The government of Federated States of Micronesia (FSM) has carried out climate vulnerability assessments on 14 atoll islands in the states of Pohnpei, Chuuk and Yap.

A total of eight survey teams covered the areas of marine environments, soils, pests and diseases, forests, trees and vegetation, agriculture and land use, water, response management, and socio-economic factors.
This was done to fulfill United Nations Framework Convention on Climate Change (UNFCCC) requirements for the preparation of national communications from non-Annex I Parties (developing countries).

Mr Jaleso Mateboto, Community Forestry Technician with the Secretariat of the Pacific Community's Land Resources Division, led the forest & vegetation survey team.

'Non-Annex I Parties should provide a description of their national and regional development priorities, objectives and circumstances, on the basis of which they will address climate change and its adverse impacts.''This description may include information on features of their geography, climate and economy which may affect their ability to adapt to climate change and mitigate its effects, as well as information regarding specific needs and concerns arising from the adverse effects of climate change and/or the impact of the implementation of response measures,' Mateboto said.

He noted that information on national circumstances provides the opportunity for detailing the national or regional development priorities, objectives and situations that serve as the basis for addressing issues relating to climate change.

'Information provided on national conditions is critical for understanding a country's vulnerability, its capacity and its options for adapting to the adverse effects of climate change, as well as its options for addressing its greenhouse gas emissions within the broader context of sustainable development.

'Parties could also include information on the linkages between the activities and policies relating to climate change and those of other conventions, such as the Convention on Biological Diversity and the Convention on Combating Desertification.'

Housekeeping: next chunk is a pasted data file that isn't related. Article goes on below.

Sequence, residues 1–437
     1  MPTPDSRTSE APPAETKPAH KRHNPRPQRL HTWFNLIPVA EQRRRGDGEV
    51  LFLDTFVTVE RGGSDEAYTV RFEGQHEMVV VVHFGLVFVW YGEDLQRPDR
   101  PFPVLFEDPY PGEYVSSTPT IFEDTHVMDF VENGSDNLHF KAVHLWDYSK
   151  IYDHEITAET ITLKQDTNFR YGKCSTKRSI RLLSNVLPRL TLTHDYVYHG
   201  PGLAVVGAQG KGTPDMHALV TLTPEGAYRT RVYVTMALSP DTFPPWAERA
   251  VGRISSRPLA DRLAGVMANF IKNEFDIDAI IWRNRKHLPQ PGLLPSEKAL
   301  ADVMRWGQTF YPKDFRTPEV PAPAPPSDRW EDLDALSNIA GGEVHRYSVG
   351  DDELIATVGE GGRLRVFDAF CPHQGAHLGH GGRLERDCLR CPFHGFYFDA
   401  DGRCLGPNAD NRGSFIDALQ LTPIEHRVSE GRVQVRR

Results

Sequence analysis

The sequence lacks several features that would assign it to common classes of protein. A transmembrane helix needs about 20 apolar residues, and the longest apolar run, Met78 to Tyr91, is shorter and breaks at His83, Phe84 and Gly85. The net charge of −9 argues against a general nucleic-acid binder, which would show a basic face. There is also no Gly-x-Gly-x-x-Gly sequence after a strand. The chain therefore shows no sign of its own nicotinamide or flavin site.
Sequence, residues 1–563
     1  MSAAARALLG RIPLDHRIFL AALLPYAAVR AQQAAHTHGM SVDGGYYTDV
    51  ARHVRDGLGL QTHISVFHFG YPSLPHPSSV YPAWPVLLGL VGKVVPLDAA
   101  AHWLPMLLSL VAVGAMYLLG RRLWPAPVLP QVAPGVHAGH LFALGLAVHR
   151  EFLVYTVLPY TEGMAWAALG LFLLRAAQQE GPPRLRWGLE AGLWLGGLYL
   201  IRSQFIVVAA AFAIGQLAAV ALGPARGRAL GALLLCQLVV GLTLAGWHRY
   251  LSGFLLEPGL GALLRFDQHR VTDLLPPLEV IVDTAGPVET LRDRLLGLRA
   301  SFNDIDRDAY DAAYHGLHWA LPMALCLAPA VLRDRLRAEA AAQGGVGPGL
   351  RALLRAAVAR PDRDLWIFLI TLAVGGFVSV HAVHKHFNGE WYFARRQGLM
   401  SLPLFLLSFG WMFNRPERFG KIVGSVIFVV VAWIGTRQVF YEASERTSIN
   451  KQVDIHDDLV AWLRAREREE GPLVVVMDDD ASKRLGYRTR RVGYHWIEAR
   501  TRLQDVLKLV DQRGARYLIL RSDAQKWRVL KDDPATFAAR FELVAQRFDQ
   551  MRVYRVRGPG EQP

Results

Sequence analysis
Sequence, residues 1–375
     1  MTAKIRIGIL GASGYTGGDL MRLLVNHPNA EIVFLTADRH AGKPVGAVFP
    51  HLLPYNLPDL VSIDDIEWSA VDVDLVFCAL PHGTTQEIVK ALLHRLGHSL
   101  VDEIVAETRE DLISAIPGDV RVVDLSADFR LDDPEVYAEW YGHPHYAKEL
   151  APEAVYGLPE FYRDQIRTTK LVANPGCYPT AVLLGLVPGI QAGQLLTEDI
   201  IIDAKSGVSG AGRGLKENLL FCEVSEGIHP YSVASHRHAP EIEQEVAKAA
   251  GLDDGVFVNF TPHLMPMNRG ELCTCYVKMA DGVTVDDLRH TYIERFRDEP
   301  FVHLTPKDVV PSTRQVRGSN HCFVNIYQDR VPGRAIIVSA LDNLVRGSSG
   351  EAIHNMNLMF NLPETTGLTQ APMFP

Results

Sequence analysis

The FSM government, through its Climate Change Project, requested assistance (technical and financial) from international and regional organisations to assist in this vulnerability assessment.

In responding to the need and the request of the FSM government on vegetation survey assistance, the Forests and Trees (FAT) programme of SPC's Land Resources Division assisted in the design of the survey/monitoring plots, survey coordination and carrying out the actual field survey on the 14 atolls.

The teams lived on the ship MV Caroline for 22 days in March and April to complete the task.

FAT, in collaboration with SPC staff based in Pohnpei and Noumea, assisted FSM in collecting information in the following areas:
. Geographical characteristics, including climate, forests, land use and other environmental characteristics.
. Population - growth rates, distribution, density and other vital statistics.
. Economy, including energy, transport, industry, mining, tourism, agriculture, fisheries, waste, health and the services sector.
. Education, including scientific and technical research institutions.

In using the agreed design for monitoring, assessment, reporting for sustainable forest management, strips of 100 m x 10 m were established and assessed. The survey work also served as a capacity building exercise for FSM as Forest Officers from all four states worked with the SPC FAT officer for 22 days.